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Thursday, November 13, 2014

Best of FC&G: The Fleece Patchwork Un-Quilt

In another update of a popular post, I wanted to update you on the fleece patchwork un-quilt.

I have wanted to quilt for years, but I will admit that I just don't have the patience.  I will never really be able to stand to do intricate piecing, use batting, and sew everything so exactly.  But I definitely want quilts of my own making.

Enter the un-quilt.  Constructed just like a fleece pillowcase with a patched top, this is one of the warmest and easiest blankets you will ever make.

I have made two quilts for our house and one for my parents, and they are all holding up fine.  Our quilts have been in use for about four years, and they have been used and used.  We use them for naps year round, on the bed in winter, and even on vacation. Our quilts have been to my college reunion to decorate our borrowed dorm room, to Key West when we stayed for a couple of weeks, and even outside for a picnic.  They are still looking great and keeping us cozy.

Classic Post:
For this project, all you need are remnants in fleece patterns and colors you like, plus a cut of fleece for backing.  Follow these simple steps:

1.  Cut the patchwork fleece into squares.  I use a 4.5 inch square quilting template because I like the look of random patches of regularly-cut fabric.  But feel free to get more complex or to try patterns like 9-patch squares (my next attempt).  Just remember that the more complex your patchwork, the more time it takes.

2.  Sew your squares together.  For me, I sew 14 squares to get the width; this is about five feet in width.  I like this width for a fleece quilt because bolts of fleece come in 58-60 inch widths, so this will fit the backing without piecing two cuts of fleece together to make the back.  That is difficult and unwieldy.  Five feet wide also allows me to put the quilt on my side of the (king) bed without disturbing over-heated hubby.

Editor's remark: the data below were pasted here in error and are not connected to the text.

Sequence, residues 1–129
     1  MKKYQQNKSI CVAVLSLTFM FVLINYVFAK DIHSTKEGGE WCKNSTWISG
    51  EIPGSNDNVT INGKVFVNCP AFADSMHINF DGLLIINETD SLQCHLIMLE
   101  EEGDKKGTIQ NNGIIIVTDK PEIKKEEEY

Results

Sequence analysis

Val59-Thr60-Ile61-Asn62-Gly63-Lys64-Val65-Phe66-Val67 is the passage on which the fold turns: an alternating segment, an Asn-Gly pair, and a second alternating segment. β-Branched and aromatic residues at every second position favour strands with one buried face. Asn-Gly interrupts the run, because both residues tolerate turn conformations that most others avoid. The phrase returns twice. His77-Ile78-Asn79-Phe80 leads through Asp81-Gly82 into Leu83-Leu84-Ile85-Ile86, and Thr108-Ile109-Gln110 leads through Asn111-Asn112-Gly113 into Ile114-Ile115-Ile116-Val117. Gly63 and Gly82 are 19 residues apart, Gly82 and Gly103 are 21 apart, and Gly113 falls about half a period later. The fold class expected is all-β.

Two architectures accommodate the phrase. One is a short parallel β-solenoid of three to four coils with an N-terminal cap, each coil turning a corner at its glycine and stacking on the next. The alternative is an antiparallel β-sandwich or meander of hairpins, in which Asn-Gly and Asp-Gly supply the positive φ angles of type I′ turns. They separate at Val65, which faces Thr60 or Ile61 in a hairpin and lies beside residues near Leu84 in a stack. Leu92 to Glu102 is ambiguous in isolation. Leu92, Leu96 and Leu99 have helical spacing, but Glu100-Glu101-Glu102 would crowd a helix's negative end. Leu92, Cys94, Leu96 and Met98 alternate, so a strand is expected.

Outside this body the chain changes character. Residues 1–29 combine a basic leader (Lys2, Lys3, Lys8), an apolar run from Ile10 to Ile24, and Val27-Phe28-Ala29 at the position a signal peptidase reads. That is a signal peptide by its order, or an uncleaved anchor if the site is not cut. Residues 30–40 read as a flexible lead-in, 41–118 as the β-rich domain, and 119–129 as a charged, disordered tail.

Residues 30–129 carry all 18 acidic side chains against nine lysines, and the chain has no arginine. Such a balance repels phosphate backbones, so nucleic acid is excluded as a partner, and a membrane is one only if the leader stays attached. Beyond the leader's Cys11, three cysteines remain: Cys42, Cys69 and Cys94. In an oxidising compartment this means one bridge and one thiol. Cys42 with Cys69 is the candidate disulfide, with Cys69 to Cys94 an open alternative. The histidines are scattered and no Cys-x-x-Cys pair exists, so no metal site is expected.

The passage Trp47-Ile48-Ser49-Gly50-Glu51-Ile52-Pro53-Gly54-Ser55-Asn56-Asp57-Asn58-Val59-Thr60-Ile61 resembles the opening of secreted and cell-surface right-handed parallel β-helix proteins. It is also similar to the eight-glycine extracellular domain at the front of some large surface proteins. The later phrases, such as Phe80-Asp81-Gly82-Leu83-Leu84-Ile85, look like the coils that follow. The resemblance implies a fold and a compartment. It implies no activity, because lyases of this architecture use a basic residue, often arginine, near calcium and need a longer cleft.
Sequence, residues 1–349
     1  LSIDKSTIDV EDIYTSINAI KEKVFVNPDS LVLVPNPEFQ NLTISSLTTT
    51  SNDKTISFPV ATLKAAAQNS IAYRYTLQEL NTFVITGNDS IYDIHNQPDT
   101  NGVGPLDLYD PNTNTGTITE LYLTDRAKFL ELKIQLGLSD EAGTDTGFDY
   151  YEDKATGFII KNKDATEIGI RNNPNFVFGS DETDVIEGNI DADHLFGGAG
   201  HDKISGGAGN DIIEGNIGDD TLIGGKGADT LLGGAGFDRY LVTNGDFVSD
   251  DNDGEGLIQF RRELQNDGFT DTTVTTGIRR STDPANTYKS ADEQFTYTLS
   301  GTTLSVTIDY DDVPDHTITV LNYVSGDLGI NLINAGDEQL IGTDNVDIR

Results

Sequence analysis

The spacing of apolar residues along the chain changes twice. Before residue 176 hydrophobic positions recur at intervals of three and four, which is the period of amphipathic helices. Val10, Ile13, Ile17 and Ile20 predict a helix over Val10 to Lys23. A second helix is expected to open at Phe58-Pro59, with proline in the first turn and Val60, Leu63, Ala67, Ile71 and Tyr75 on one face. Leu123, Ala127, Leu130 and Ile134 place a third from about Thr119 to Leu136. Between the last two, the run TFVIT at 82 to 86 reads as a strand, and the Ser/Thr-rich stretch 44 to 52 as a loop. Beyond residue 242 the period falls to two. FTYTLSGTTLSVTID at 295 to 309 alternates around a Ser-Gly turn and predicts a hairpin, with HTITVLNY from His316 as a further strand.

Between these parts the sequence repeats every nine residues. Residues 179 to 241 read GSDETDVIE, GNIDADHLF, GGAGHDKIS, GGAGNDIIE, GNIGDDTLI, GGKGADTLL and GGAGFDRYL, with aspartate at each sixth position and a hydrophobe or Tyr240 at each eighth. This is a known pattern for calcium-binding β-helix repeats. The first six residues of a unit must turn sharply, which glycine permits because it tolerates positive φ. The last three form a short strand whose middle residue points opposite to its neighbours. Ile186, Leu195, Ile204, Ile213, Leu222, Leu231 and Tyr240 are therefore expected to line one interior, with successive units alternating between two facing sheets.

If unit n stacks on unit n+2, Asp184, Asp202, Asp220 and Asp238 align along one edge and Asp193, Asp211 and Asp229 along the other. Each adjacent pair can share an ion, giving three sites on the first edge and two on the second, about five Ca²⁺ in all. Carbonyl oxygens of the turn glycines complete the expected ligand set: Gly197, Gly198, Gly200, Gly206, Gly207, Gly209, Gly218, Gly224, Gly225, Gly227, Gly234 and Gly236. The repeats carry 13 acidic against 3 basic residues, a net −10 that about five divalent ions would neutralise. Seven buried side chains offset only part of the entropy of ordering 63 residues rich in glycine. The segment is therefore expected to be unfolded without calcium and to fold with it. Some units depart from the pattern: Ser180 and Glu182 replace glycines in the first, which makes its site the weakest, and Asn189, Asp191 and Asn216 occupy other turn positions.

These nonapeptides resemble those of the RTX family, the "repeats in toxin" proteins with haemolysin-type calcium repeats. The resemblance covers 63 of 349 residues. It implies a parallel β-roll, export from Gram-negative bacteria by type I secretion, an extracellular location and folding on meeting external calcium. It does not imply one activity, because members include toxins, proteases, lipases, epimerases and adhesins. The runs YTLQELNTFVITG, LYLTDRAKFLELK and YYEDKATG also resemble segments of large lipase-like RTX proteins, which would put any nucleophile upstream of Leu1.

3.  Sew your width strips together to make about six feet in length.  Again, six feet is two yards of fleece, which is an inexpensive backing.  Alternately, you could patch the back as well, but that would be more work. 

4.  For this quilt, I bought a piece of bluish grey fleece for the back that was two yards long and about 60 inches wide.  It cost (after sale and coupons) about $14.  Place the backing and the topper with right sides together and machine sew on three sides, like you are making a pillow case.  For the fourth side (which would be open on a pillow case, turn the edges in and sew both sides together.  You can do this on your machine (remember, that is four thicknesses of fabric, so you may want to change to a heavier needle) or by blind stitch (which I'm going to do on my next quilt).

Voila!  A soft, warm "quilt" that really relies on the warmth of air sandwiched in two layers of fleece instead of the normal cotton and batting sandwich.  If you are crafty, you could easily sew one of these up as a Christmas gift (a lap quilt also would be nice and take even less time), or you could start one to keep your own toes toasty in the bitter months to come. 

The Analysis

Fast:  In quilt-time, this one comes together in a jiffy.  Cut squares while you are watching TV at night, and then sew together in a few bursts of sewing.  I like to work on one of these while I'm writing, because it gives me a chance to turn away from the computer and think for a few minutes while I assemble a few squares.

Cheap:  I put my first fleece quilt together for the cost of $14 for two yards of backing fleece, plus whatever I spent on remnants.  With the remnant bin full (as it is right now with everyone using fleece to make gifts), you should be able to bring this project in under $30 with some smart shopping.


Good:  The fleece quilt is one of the (very) few things I actually like about winter.  It is so soft and warm, it follows me everywhere:  downstairs onto the couch during the day, and upstairs onto the bed at night.  I can't wait to finish another.
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